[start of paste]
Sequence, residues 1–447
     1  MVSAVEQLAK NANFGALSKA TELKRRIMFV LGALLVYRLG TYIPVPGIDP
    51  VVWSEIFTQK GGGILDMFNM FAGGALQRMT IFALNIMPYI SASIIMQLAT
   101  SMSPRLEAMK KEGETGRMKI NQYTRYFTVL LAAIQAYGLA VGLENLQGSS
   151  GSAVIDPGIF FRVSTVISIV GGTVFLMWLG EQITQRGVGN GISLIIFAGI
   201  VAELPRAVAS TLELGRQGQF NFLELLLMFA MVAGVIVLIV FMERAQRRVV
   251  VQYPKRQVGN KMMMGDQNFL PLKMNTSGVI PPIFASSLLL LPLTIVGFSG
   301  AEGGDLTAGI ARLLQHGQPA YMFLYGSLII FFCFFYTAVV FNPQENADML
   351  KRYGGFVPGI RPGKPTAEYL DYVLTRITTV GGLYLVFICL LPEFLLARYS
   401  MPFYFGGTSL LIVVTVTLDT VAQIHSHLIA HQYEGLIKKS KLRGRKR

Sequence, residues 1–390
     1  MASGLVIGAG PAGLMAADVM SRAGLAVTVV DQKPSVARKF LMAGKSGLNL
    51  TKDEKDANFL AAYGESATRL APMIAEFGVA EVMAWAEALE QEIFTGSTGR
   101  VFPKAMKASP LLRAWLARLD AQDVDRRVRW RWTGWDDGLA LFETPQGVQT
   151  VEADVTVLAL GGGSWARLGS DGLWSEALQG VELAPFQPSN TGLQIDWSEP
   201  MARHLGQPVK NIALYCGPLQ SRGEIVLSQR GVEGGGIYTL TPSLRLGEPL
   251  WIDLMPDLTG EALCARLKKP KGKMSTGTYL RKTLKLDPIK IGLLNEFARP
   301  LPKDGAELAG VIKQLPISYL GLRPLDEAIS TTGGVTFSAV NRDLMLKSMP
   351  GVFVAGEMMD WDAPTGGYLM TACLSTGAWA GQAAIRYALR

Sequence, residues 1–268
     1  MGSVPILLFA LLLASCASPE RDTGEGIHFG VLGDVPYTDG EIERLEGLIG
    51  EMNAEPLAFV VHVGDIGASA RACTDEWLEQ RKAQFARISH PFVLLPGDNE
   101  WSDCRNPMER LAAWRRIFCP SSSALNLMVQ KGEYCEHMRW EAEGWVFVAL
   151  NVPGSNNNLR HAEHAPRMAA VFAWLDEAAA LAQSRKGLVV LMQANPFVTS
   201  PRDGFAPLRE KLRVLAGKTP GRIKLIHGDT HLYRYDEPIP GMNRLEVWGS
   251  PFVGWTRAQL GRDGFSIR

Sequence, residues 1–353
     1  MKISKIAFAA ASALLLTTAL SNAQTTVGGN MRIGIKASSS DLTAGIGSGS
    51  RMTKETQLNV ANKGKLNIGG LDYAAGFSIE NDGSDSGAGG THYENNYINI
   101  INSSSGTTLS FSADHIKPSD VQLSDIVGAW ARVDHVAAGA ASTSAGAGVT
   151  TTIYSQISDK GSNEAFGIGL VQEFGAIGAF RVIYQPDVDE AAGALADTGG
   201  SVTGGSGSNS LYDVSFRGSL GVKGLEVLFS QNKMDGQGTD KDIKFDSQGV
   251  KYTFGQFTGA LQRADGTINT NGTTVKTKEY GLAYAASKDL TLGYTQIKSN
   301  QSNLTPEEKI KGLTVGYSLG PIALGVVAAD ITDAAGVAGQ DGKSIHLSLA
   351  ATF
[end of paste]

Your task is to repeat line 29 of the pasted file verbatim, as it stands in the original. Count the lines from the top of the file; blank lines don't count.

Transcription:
    51  RMTKETQLNV ANKGKLNIGG LDYAAGFSIE NDGSDSGAGG THYENNYINI